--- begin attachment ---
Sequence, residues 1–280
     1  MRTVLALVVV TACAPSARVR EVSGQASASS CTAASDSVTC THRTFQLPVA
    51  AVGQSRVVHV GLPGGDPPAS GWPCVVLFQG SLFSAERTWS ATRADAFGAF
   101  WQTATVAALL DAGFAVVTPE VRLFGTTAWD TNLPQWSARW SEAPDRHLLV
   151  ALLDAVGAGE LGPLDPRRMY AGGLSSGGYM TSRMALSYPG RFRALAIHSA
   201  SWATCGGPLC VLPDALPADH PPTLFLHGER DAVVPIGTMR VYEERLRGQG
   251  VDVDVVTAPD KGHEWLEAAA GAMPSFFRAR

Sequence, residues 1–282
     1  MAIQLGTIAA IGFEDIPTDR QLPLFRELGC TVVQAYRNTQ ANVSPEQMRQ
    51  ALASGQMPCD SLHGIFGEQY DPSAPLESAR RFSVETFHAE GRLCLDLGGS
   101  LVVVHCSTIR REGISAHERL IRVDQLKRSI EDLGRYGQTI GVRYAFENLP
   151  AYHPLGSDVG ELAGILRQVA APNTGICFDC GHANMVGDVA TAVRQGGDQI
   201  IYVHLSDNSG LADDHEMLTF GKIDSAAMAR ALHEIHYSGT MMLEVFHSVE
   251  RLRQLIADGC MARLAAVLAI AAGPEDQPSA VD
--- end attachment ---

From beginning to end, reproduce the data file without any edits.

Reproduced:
Sequence, residues 1–280
     1  MRTVLALVVV TACAPSARVR EVSGQASASS CTAASDSVTC THRTFQLPVA
    51  AVGQSRVVHV GLPGGDPPAS GWPCVVLFQG SLFSAERTWS ATRADAFGAF
   101  WQTATVAALL DAGFAVVTPE VRLFGTTAWD TNLPQWSARW SEAPDRHLLV
   151  ALLDAVGAGE LGPLDPRRMY AGGLSSGGYM TSRMALSYPG RFRALAIHSA
   201  SWATCGGPLC VLPDALPADH PPTLFLHGER DAVVPIGTMR VYEERLRGQG
   251  VDVDVVTAPD KGHEWLEAAA GAMPSFFRAR

Sequence, residues 1–282
     1  MAIQLGTIAA IGFEDIPTDR QLPLFRELGC TVVQAYRNTQ ANVSPEQMRQ
    51  ALASGQMPCD SLHGIFGEQY DPSAPLESAR RFSVETFHAE GRLCLDLGGS
   101  LVVVHCSTIR REGISAHERL IRVDQLKRSI EDLGRYGQTI GVRYAFENLP
   151  AYHPLGSDVG ELAGILRQVA APNTGICFDC GHANMVGDVA TAVRQGGDQI
   201  IYVHLSDNSG LADDHEMLTF GKIDSAAMAR ALHEIHYSGT MMLEVFHSVE
   251  RLRQLIADGC MARLAAVLAI AAGPEDQPSA VD